Simpkin, Marshall, Hamilton, Kent and Co., Ltd,
Text on page 74
SIAM AND CHINA
The flags were first blessed by the Buddhist priests; the king then made a speech to the troops, who took the oath, thereafter conveying the colours to the commanding officer of each regiment, who on receiving them, knelt before the monarch as before a divinity.
On the whole the ceremony was most picturesque, but the heat was atrocious.
Everywhere I meet acquaintances, the greater part of whom are Siamese, either Ministers or high officials, yet with no one do I feel so much at home, not even with De la Penne, as I do with dear Prince Damrong, whom I shall never forget. He tells me that he hopes to visit Europe next year, and, naturally, will come to Rome.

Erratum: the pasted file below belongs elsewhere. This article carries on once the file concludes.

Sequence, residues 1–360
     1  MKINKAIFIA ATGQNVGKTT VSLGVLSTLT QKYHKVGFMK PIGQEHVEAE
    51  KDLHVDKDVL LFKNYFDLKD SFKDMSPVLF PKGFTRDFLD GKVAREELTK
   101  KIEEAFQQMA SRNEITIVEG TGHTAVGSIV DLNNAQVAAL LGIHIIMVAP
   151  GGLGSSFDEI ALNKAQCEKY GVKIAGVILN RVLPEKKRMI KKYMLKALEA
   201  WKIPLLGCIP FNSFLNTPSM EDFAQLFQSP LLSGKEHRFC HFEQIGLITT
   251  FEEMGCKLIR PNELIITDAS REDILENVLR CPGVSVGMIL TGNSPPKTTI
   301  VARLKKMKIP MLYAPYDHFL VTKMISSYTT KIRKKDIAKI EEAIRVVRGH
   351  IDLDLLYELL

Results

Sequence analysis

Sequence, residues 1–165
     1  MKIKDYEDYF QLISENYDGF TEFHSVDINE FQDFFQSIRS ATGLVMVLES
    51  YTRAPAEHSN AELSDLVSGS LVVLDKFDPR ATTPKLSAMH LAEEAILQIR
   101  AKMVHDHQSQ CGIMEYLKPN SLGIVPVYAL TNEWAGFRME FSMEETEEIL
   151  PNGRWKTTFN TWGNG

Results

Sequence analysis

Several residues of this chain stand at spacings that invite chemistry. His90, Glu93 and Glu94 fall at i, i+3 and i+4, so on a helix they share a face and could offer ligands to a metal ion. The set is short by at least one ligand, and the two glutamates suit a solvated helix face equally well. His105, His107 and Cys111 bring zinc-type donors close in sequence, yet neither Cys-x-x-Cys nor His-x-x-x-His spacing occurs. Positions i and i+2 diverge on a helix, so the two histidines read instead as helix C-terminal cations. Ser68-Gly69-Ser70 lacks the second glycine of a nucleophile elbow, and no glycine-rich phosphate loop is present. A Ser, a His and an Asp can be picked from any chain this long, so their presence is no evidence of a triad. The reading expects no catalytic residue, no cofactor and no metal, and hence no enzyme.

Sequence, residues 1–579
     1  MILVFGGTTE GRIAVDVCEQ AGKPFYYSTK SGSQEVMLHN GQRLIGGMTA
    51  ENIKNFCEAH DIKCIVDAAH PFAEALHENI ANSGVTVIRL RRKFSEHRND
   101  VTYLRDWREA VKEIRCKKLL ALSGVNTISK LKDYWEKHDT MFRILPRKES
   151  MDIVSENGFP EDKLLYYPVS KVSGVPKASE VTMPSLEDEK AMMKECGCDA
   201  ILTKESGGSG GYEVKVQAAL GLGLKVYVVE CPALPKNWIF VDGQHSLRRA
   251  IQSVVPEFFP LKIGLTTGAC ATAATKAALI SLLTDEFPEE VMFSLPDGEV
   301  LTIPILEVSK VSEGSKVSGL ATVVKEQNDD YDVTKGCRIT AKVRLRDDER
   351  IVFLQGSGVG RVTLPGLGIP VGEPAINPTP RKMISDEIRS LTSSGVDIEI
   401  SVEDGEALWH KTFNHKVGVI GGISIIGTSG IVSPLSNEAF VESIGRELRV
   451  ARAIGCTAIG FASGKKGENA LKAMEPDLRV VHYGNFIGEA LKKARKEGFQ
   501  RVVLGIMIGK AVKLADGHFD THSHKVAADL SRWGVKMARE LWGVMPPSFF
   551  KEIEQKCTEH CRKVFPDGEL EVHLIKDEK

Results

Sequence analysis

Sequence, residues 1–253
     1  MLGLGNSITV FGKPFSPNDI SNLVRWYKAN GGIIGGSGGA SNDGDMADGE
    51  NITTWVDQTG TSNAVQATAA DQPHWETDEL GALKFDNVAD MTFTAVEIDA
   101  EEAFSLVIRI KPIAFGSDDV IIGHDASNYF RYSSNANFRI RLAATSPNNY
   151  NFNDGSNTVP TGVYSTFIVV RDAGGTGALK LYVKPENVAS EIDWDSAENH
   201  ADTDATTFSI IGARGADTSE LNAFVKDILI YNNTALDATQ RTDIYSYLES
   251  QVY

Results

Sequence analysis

Stone, not being a journalist, cannot go everywhere as I do, but all the same we endeavour to see as much of each other as possible; at mealtimesaalways. Every now and again we arrange an escapade in the evening at the bazaar at Dusit Park, where the great Siamese ladies make languid eyes to induce us to buy their artistic wares.
This evening with Stone and all the party I go to the great Local Government ball, which will be attended by the king and all the court, [the princes and the foreign envoySes.
To-morrow afternoon : the review; in the evening : reception at the War Office. And on Sunday with a reception at the club of the ** Wild Tigers,a closes the cycle of fantastic festivities.